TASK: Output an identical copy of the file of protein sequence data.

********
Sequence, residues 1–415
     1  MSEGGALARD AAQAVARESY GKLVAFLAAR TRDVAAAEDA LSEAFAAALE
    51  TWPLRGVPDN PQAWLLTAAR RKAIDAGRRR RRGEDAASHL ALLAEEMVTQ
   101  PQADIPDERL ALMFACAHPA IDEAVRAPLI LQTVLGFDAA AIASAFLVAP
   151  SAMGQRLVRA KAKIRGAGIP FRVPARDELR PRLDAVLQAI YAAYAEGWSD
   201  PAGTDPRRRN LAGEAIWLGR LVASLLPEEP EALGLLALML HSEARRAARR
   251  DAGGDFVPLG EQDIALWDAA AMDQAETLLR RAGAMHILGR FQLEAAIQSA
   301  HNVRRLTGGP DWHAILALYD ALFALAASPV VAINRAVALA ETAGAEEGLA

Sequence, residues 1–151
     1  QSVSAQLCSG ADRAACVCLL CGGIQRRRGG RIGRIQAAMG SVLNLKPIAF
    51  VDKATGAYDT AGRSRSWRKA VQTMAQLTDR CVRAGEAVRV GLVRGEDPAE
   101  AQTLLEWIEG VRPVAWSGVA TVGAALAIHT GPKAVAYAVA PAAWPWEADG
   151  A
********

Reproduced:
Sequence, residues 1–415
     1  MSEGGALARD AAQAVARESY GKLVAFLAAR TRDVAAAEDA LSEAFAAALE
    51  TWPLRGVPDN PQAWLLTAAR RKAIDAGRRR RRGEDAASHL ALLAEEMVTQ
   101  PQADIPDERL ALMFACAHPA IDEAVRAPLI LQTVLGFDAA AIASAFLVAP
   151  SAMGQRLVRA KAKIRGAGIP FRVPARDELR PRLDAVLQAI YAAYAEGWSD
   201  PAGTDPRRRN LAGEAIWLGR LVASLLPEEP EALGLLALML HSEARRAARR
   251  DAGGDFVPLG EQDIALWDAA AMDQAETLLR RAGAMHILGR FQLEAAIQSA
   301  HNVRRLTGGP DWHAILALYD ALFALAASPV VAINRAVALA ETAGAEEGLA

Sequence, residues 1–151
     1  QSVSAQLCSG ADRAACVCLL CGGIQRRRGG RIGRIQAAMG SVLNLKPIAF
    51  VDKATGAYDT AGRSRSWRKA VQTMAQLTDR CVRAGEAVRV GLVRGEDPAE
   101  AQTLLEWIEG VRPVAWSGVA TVGAALAIHT GPKAVAYAVA PAAWPWEADG
   151  A